The Lost Art Of Easy Packing

I’ll have to make this quick- I’m in the middle of a fairly intense tidying-up/packing away session in order to sort everything I need before moving on Saturday morning. This, naturally, is a task that’s far larger and more irritating that first assumed.

Like any other child of the 1990s, I played my fair share of Tetris- not as much as Sonic The Hedgehog, but that’s not useful in this scenario. Therefore, like most teenager/twentysomethings of the 2010s, I’m trying to apply the same physics into real life scenarios. Usually, this works- there’s something fairly triumphant about sneaking back to where you live after a night out, acting like Solid Snake…or at least, I hope I do.

Anyway, most of the stuff has been sorted into boxes, so I’m now left with:

  • 1 Laptop
  • 1 Printer
  • 1 Record player
  • 2 Record boxes
  • 1 Portfolio folder, filled with posters and more records
  • 1 Box of books
  • 1 Guitar
  • 1 Amplifier
  • 2 Bags of clothes
  • Some bedding
  • 1 Nerf gun
  • Numerous pairs of shoes, coats and whatever else may be required.

There’s probably even more than that, but this is what came to mind straight away.

So, with two days in advance, I’ve already tried planning in my head where everything will go…

That’s the plan, at least- Tetris-ify the car space. Hopefully everything will work out OK, and we can get over to my new place with minimal fuss.

Now, the main reason I wanted to blog today isn’t just to talk about moving. I wanted to repeat one of my favourite Hollywood anecdotes that I first heard years ago, heard again at the Edinburgh Fringe- during 10 Films To See With My Dad, to be exact, and was thinking about it for no real reason yesterday:

During the filming of the 1965 film  The Greatest Story Ever Told, the final scene involved iconic (if a little miscast) actor John Wayne as a Roman guard watching the crucifixion. He had one line, the last line in the movie- “Truly, this man was the Son of God!”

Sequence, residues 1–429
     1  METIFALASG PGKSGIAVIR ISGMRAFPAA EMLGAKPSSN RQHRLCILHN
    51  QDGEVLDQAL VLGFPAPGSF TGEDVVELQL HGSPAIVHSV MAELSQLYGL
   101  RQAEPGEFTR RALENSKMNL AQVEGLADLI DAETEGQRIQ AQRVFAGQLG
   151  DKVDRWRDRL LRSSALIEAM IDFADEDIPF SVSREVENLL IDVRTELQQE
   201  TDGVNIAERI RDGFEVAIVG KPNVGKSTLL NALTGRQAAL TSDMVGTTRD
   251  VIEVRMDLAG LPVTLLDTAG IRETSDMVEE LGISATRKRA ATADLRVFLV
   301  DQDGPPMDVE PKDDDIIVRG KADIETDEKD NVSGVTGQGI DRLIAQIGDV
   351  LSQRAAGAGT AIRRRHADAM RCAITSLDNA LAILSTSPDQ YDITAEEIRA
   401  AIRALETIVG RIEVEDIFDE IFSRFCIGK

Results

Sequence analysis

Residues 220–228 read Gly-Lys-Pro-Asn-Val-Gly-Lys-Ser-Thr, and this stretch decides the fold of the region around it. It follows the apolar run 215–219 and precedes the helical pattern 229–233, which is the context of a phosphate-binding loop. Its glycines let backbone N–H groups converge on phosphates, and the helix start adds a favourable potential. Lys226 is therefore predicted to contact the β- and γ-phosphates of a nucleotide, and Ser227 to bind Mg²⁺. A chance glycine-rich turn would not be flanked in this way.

Wayne turned up to the set, fully dressed as a centurion, and when it came to his line, he said it…in his usual Midwest monotone.

Several takes were done, all of which ended with Duke speaking his line in the exact same way, until the director, George Stevens, had to stop him, bring him to one side and explain the problem he was having with Wayne’s acting with this short line.

“Duke, you’re watching the Crucifixion of Christ. You need to put more emotion into this- you need to look at this man up on the cross, and give us some awe!”

John nodded, completely understanding. The George Stevens calls for the next take, which goes smoothly up until Wayne spoke- this time, in the same flat monotone, he said his line: “Aaawwwwww…truly, this man was the Son of God!”.

I have no idea whether this is true or not, but it’s a pretty good story. Not the Greatest, but not bad.

(Dial Tone)

One last though- I think this blog needs some restructuring. I might get on that…


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